Raconteur wrote:Then, could you propose a definition that, in your opinion, would make sense? I don't really have a good sense of how to go about this, so I'm happy to hear suggestions.
I would have already tried to propose a definition if I had one (that's why I asked for examples, to at least try to establish some baselines). My first gut feeling was to say that we don't have a 'full grasp' on any ancient language whatsoever given how much it takes to learn a modern one to claim that (in some sense). So I don't think that I would have even tried to ask this question. The best alternative would probably be trying to figure out to what extent we do know any of our "classical" ancient languages.
Learners of modern foreign languages speak in these languages by trying to copy native speakers. If there is something that you want to express in a non-native language, ideally you should have already heard a native speaker expressing the same or very similar thought, so that you could recall it and change it a little bit for your own use. Otherwise you're going to need to make some expressions of your own and hope it turns out to be understandable. What can we do to amend the situation and improve? We can ask a native speaker to correct us and suggest a better way to say the thing we wanted to say (alternatively, we can just google it), or we can keep getting input in our target language (and the available content in most of the languages people are prone to study is usually large enough to last one a lifetime) and getting new expressions, that will, hopefully, cover our needs.
Ancient languages are not amenable to these strategies. We don't have native speakers, neither we may have enough input from which we can pick up the required phrases. According to Spencer McDaniel (in the context of ancient writings):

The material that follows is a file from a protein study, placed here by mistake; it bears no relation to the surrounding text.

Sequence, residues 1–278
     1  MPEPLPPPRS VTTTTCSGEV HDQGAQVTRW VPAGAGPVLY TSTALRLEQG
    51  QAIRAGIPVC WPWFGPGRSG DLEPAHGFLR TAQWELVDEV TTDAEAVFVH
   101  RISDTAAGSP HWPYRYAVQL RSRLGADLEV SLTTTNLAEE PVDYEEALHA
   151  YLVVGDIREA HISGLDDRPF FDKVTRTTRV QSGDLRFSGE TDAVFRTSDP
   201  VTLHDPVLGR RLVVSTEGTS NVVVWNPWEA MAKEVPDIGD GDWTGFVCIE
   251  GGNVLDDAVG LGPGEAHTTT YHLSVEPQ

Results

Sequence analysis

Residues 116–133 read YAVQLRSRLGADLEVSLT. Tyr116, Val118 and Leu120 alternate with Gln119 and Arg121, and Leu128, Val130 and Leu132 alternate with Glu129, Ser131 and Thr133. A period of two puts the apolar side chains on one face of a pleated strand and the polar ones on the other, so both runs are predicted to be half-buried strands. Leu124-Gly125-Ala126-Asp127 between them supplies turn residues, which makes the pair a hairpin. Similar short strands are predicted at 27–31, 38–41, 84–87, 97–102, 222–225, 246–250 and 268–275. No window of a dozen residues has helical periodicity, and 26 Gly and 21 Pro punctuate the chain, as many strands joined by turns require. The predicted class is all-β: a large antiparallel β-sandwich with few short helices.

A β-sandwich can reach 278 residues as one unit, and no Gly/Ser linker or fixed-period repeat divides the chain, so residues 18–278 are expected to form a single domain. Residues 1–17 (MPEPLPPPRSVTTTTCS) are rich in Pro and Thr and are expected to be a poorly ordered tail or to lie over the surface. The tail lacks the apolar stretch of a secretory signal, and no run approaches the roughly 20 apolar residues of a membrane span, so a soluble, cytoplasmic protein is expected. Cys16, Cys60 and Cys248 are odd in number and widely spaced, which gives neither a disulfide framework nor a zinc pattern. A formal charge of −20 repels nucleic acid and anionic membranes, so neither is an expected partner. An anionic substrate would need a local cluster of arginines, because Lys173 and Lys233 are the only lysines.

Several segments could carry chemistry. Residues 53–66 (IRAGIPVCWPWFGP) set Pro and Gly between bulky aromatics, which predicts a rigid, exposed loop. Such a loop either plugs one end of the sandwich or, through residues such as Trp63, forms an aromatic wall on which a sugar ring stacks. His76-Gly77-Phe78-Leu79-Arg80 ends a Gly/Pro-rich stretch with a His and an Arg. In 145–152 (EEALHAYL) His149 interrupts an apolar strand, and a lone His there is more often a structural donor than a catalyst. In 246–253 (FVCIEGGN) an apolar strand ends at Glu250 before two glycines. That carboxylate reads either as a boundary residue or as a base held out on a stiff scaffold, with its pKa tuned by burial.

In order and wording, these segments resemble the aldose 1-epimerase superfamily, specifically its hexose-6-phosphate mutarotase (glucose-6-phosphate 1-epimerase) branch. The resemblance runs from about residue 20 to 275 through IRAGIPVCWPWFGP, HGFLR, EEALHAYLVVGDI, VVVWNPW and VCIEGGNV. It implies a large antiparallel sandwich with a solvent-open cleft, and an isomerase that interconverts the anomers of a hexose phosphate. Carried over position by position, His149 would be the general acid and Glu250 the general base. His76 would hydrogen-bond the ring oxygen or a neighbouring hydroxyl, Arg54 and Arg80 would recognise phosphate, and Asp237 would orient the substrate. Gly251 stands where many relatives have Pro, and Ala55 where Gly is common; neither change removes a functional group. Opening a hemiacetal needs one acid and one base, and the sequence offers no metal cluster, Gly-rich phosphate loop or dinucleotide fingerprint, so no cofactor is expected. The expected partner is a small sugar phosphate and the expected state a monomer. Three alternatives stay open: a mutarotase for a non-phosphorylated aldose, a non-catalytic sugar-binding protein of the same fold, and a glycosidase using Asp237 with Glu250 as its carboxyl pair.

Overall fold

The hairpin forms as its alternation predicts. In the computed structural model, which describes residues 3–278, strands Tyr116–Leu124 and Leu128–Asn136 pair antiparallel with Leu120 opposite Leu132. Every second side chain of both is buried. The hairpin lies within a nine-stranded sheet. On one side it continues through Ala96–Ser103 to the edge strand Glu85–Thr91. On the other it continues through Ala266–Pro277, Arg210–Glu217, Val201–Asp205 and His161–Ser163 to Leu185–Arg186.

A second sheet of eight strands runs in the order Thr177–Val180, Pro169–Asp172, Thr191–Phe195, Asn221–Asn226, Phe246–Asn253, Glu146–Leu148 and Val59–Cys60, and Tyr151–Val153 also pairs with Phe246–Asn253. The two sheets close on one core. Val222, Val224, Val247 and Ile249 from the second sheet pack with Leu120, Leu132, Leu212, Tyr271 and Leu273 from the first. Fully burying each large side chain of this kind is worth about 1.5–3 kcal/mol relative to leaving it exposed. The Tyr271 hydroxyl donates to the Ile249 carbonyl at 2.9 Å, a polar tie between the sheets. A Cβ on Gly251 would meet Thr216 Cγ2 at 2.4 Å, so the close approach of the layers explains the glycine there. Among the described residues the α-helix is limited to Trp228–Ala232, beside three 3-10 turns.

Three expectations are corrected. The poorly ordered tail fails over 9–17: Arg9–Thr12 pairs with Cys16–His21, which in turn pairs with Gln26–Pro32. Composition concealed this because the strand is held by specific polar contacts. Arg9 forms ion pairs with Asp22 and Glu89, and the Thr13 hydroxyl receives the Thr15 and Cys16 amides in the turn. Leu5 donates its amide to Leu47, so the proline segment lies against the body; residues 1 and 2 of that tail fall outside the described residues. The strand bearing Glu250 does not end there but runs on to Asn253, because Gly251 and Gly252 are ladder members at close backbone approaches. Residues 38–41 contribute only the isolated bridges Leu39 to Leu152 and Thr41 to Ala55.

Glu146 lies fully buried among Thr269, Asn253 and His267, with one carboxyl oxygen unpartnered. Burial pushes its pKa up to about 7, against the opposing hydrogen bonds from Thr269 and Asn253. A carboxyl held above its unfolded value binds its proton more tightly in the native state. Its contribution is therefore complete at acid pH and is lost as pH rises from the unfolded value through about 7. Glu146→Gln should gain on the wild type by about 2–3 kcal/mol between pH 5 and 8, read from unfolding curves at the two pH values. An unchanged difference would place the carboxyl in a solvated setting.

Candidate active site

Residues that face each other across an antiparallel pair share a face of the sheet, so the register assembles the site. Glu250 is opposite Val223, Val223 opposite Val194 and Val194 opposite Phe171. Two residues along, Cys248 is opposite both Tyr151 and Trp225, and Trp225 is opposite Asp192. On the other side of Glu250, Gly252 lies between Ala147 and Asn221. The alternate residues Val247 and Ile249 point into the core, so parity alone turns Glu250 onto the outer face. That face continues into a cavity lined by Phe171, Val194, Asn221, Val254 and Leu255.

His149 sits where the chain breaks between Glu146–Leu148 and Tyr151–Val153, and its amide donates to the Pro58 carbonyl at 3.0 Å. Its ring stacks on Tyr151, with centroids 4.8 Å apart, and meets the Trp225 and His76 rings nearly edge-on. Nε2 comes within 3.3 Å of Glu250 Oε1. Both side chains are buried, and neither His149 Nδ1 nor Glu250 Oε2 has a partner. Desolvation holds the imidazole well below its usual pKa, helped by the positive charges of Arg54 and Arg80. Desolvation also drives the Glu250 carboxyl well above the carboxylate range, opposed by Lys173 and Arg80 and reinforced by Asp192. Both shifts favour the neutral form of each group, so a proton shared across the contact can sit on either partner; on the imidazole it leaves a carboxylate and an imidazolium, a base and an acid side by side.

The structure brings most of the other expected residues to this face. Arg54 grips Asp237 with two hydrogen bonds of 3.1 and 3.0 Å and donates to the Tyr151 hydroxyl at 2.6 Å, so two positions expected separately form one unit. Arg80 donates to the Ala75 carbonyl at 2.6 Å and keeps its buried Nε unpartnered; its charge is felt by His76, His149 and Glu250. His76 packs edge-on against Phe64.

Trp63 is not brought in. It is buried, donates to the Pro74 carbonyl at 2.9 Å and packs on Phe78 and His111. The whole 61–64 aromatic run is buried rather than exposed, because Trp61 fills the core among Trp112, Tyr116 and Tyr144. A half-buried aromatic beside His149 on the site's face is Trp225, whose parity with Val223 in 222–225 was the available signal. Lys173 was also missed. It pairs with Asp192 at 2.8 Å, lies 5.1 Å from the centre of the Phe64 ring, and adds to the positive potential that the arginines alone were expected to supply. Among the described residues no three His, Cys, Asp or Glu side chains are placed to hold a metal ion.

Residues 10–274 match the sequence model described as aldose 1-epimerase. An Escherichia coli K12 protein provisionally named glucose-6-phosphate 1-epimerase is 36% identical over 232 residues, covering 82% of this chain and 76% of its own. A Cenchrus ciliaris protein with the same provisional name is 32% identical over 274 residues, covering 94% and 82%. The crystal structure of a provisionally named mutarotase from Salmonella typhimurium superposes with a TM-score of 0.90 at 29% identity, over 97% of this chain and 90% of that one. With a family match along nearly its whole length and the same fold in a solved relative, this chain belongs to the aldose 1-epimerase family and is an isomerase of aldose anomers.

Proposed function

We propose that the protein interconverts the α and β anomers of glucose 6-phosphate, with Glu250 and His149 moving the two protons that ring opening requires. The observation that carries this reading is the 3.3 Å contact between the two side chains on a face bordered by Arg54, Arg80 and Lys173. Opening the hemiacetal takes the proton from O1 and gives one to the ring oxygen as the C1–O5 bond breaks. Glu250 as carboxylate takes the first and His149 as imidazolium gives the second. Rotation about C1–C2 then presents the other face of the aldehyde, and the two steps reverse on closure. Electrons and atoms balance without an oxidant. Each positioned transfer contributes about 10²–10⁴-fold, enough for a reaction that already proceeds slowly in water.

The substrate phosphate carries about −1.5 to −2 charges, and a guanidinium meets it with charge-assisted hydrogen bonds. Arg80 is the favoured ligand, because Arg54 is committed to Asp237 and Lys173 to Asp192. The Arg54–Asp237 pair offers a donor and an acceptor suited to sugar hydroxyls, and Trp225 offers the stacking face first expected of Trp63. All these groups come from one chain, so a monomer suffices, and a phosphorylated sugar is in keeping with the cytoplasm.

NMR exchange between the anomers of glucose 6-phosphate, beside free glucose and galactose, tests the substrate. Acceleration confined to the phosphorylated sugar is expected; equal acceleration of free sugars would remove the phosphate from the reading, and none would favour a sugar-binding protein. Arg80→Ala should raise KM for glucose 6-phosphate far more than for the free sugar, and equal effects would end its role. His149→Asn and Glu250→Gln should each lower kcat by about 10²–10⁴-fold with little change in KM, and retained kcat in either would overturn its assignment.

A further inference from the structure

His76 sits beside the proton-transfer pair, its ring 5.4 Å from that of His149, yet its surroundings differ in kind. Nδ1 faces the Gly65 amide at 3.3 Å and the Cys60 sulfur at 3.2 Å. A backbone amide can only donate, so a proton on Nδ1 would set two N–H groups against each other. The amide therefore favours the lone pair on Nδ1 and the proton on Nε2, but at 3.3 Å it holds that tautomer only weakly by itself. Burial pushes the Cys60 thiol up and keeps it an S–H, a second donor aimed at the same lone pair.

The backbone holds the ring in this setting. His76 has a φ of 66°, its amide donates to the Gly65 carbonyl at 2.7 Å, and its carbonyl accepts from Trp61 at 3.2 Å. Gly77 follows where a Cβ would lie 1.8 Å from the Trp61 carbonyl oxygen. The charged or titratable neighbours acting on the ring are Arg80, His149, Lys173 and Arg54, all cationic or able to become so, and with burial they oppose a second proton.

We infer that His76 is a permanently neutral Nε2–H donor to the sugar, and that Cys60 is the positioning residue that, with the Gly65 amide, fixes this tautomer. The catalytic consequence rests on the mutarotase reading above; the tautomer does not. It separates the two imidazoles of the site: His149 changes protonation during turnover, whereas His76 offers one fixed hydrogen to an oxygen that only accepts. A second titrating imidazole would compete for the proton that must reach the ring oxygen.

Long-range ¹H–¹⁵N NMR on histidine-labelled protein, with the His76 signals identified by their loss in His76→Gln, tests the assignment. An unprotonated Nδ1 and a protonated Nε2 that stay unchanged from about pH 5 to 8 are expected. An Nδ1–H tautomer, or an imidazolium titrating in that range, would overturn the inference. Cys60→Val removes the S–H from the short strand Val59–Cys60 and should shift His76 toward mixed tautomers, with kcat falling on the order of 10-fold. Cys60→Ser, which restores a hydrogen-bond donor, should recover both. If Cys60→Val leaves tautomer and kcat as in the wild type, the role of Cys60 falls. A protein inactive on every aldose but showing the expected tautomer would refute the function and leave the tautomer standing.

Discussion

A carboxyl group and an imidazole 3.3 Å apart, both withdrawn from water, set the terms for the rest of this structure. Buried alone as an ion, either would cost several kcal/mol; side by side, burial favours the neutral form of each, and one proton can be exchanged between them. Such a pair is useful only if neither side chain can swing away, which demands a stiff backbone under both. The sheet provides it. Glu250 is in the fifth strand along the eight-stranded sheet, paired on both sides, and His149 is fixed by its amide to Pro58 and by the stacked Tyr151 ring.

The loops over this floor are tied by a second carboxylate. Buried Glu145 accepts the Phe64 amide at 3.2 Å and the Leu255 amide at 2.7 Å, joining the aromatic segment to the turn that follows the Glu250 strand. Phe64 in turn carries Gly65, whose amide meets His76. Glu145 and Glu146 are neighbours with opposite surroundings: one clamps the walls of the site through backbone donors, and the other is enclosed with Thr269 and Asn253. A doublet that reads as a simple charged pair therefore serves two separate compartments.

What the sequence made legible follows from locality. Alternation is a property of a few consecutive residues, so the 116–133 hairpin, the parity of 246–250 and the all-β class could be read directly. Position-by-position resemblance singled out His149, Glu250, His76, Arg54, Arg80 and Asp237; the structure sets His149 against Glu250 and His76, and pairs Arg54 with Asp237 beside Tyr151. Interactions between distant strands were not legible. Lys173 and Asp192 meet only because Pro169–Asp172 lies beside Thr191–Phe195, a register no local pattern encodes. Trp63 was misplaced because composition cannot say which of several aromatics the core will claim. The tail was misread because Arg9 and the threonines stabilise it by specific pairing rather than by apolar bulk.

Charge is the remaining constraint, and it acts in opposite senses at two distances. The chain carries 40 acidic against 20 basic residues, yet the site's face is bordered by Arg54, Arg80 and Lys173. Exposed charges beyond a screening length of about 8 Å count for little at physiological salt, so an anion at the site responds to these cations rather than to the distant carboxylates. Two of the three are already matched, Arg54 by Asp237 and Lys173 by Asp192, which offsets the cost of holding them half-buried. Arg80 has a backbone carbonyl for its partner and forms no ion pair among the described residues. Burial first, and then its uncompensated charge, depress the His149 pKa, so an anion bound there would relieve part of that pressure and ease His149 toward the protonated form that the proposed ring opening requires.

It would be possible to read the entire surviving corpus of Greek and Roman writings within about eight months if you were to do it as a full-time job.
So we can only go so far, until we essentially start inventing the language ourselves from what we've already learned of it. I do think that for some languages (like Latin or Greek) our personal inventions (if done with proper care) wouldn't be too incomprehensible for the actual native speakers of those languages, but would they consider them natural?
sillygoose1 wrote:I would say Latin to be honest. The literature alone that we were able to conserve is incredible on its own. Ancient historic documents, poetry, legal documents, memoirs, graffiti. Plus it was heavily used during the Middle Ages up until the end of the modern era albeit with slight changes. Yes, there are still tons of materials out there in other ancient languages but I think we have enough Latin (including Harry Potter books) where it could make a comeback if it wanted.
There were no native speakers of Latin (i.e. Romans) during Middle Ages (or later), so they had to invent their own stuff (especially vocabulary). There was a wide variety of styles, many of which deviated from the classical language (and later, during the Renaissance, there was a movement to return to the classical form and purge the Latin from all the medieval innovations). What about Greek, though? It didn't disappear during the Middle Ages, the Byzantine Greek is a direct descendant of the Classical Greek, and we do have preserved writings of it as well.
On the other hand, if we only want to consider the Latin and Greek of classical antiquity, then Ancient Greek seems to be in better shape. Here's a photo of a complete set of all the books in the Loeb Classical Library:
https://qph.fs.quoracdn.net/main-qimg-b ... 70e714f24e
The books with the green covers are in Greek, and the ones with the red covers are in Latin. You can see that the Greek collection is almost twice as big as the Latin one.